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Ireland to Montreal – 1859

Freeman’s Journal 30th December, 1859 p.3

Photo: douaireg Wikimedia Commons

It will be in the recollection of many of our readers that during the famine years of 1847 and 1848 there was an unusual emigration from Ireland to Canada and the United States. Numbers of those who thus left their native land expired from ship fever, caused by utter exhaustion, before they reached the American continent; others only arrived there to die of that fatal disease. The Canadian government made very extensive efforts to save the lives of the poor emigrants. A large proportion were spared, but at Montreal, where the government erected temporary hospitals on a gigantic scale, upwards of 6,000 of these poor emigrant people expired. Their remains were interred close to the hospitals, at a spot that is now mainly covered with railway buildings, and in close proximity to the point whence the Victoria bridge projects into the St. Lawrence. All traces of the sad events of that disastrous period would have been obliterated but for the warm and reverential impulse of Mr. James Hodges, the engineer and representative of Messrs. Peto, Brassey and Betts, in Canada. Through his instrumentality and by his encouragement the workmen at the bridge came to the determination, infinitely to their honour, of erecting a monument on the spot where the poor Irish emigrants were interned. An enormous granite boulder, or a rough conical shape, weighing 30 tons, was dug up in the vicinity, and on the 1st instant it was placed on a base of cut stone masonry twelve feet square by six feet high. The stone bears the following inscription:

To preserve from desecration the remains of 6,000 emigrants who died from ship fever in 1847 and 1848, this monument is erected by workmen in the employment of Messrs Peto, Brassey, and Betts, engaged in the construction of the Victoria Bridge, 1859.

Several addresses were delivered on the occasion, and in the course of that made by the Bishop of Montreal he alluded in feeling terms to the many good deeds for which the name of his friend, Mr. James Hodges, will be gratefully remembered in Canada, the last of which was the event they were then commemorating. Thanks to him, the plot of ground on which the memorial is raised is set apart forever; so that the remains of the poor emigrants lying interred there will henceforward be preserved from all or any irreverent usage.

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Galway/Clare – 1851

Pembrokeshire Herald and General Advertiser

Photo: Norma Scheibe
Photo: Norma Scheibe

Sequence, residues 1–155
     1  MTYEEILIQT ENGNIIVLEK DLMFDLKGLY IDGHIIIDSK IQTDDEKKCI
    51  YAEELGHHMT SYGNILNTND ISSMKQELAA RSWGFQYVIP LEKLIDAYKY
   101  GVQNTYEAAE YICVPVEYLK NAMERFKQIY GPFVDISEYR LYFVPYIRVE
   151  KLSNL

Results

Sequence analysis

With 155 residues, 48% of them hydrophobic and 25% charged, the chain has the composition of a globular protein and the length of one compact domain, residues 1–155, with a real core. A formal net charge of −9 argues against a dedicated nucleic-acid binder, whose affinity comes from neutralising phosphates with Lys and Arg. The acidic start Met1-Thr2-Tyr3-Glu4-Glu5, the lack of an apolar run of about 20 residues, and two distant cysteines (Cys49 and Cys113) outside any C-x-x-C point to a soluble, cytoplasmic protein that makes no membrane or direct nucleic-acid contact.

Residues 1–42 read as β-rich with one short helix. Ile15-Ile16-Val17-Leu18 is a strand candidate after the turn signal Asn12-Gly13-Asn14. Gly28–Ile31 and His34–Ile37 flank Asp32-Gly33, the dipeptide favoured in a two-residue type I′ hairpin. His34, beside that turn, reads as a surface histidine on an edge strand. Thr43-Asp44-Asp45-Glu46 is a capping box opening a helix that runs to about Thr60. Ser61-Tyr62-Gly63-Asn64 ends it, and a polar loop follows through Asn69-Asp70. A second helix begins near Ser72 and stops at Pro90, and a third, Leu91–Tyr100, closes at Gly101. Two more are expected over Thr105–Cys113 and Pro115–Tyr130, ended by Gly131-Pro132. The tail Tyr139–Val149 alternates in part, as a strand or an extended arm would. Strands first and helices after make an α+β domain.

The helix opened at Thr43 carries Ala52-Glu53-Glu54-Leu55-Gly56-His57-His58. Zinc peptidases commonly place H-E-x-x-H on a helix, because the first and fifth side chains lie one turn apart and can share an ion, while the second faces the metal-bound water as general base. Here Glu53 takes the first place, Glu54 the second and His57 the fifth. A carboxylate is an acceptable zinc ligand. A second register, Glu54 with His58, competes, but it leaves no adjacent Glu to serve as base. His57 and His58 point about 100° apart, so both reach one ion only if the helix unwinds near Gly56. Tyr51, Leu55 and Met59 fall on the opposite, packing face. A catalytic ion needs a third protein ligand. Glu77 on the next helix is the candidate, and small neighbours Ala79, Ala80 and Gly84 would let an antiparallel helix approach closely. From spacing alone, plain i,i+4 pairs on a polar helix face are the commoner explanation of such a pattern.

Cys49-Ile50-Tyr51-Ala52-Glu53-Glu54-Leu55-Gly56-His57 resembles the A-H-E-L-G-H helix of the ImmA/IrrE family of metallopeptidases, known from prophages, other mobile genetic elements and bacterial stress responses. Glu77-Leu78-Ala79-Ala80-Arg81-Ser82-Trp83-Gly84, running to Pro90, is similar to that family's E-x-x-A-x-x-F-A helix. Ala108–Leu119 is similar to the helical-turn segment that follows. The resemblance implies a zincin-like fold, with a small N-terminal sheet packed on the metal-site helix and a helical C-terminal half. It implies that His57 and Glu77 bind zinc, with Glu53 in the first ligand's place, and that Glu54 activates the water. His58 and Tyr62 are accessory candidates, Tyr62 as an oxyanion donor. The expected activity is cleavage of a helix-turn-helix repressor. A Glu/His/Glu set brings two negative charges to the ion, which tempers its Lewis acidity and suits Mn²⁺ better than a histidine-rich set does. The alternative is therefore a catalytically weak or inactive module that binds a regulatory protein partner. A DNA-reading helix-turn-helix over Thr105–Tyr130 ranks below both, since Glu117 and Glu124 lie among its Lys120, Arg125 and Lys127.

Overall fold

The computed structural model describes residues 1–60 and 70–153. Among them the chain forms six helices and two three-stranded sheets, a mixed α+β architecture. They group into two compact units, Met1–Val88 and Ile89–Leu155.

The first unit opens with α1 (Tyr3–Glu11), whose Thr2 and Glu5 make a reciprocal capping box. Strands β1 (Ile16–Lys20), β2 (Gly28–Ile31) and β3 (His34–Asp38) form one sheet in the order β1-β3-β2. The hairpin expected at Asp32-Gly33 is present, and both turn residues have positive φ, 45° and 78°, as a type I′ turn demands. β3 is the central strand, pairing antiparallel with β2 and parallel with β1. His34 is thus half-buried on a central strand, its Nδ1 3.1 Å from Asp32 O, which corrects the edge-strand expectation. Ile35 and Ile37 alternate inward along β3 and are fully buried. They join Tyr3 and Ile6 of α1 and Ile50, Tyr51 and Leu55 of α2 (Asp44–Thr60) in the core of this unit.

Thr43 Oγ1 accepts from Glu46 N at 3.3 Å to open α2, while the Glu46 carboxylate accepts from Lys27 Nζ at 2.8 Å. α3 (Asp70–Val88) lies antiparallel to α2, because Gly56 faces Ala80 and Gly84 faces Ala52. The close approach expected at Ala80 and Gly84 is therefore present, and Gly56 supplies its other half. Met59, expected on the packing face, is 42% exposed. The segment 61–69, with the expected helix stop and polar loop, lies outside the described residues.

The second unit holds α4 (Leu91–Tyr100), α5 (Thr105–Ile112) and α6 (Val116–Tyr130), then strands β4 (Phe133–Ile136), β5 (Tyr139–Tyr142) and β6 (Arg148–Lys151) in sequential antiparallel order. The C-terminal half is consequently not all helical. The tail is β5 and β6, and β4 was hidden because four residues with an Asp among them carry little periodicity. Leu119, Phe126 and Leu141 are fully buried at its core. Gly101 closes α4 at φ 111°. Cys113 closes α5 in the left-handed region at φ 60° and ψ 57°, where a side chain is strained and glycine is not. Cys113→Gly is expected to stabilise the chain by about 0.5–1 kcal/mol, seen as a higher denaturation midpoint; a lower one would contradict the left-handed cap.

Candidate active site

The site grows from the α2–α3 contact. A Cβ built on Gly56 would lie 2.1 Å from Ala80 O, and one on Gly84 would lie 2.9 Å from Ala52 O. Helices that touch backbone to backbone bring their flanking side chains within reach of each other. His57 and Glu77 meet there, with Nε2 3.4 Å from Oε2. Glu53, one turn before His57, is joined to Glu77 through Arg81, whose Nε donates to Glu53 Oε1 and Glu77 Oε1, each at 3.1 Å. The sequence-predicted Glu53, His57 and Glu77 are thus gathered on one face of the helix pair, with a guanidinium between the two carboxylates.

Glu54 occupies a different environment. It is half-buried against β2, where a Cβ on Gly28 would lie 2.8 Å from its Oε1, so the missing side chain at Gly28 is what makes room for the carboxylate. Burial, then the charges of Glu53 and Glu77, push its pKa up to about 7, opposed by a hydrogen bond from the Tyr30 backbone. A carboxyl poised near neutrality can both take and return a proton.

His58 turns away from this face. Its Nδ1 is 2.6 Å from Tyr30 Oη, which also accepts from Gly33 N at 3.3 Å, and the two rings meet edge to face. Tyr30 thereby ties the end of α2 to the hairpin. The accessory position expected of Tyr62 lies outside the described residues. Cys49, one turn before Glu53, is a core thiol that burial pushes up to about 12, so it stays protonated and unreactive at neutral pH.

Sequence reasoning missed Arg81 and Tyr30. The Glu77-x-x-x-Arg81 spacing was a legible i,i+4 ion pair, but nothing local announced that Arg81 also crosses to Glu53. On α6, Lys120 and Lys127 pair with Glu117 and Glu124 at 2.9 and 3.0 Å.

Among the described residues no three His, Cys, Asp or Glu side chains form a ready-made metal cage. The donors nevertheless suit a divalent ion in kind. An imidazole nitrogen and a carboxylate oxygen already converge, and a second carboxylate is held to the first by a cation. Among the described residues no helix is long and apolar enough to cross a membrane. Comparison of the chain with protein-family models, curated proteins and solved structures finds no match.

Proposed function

3rd October, 1851

The Boards of Guardians of the different Unions persist in their refusal to make rates for the repayment of the Government advances. Among the repudiators whose proceedings are recorded this week, are the Guardians of the Galway and Clare Unions and a meeting has been called of deputies from all the Unions in the province of Munster, with a view to oppose the demand of the Government.

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Food and fuel – 1925

The Brisbane Courier

Wikimedia Commons
Wikimedia Commons

30th January, 1925

The Dublin correspondent of the ‘Daily Chronicle” states that reports fiom Donegal, Kerry, Galway, and Connemara disclose that thousands are suffering distress owing to a food and fuel famine due to torrential rain and floods during recent months. The conditions are likened to the potato famines in 1847 and 1879.

Several deaths have occurred, and outbreaks of fever are reported from more than one district. The potato crops have failed. The fact that the lrish have found little employment in England and Scotland during the last harvest adds to the distress. A relief fund has been opened, and the local Government is distributing coal and food.  The Free State Government has allocated £250,000 for relief works.

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Famine – 1831

The Sydney Monitor 8th October, 1831 p4 (abridged)

Hordeum-barley Wikimedia Commons
Wikimedia Commons

I had just closed this article when a friend sent me, at my request, an account of the import of foods from Ireland up to the 1st day of June. It is imperfect because it only gives an account of the imports in London and Liverpool, leaving out Bristol, Glasgow and several other places. It is imperfect in that it does not include bacon and live animals, nor poultry nor eggs.